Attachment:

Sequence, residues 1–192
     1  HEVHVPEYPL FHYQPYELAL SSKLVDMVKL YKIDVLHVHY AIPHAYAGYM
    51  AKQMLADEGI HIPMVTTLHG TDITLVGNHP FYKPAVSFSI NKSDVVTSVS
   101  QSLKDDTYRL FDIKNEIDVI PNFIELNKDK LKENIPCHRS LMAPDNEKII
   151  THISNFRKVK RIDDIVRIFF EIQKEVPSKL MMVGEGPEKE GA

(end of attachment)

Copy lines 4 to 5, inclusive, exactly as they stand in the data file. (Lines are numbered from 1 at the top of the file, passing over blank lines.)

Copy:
   101  QSLKDDTYRL FDIKNEIDVI PNFIELNKDK LKENIPCHRS LMAPDNEKII
   151  THISNFRKVK RIDDIVRIFF EIQKEVPSKL MMVGEGPEKE GA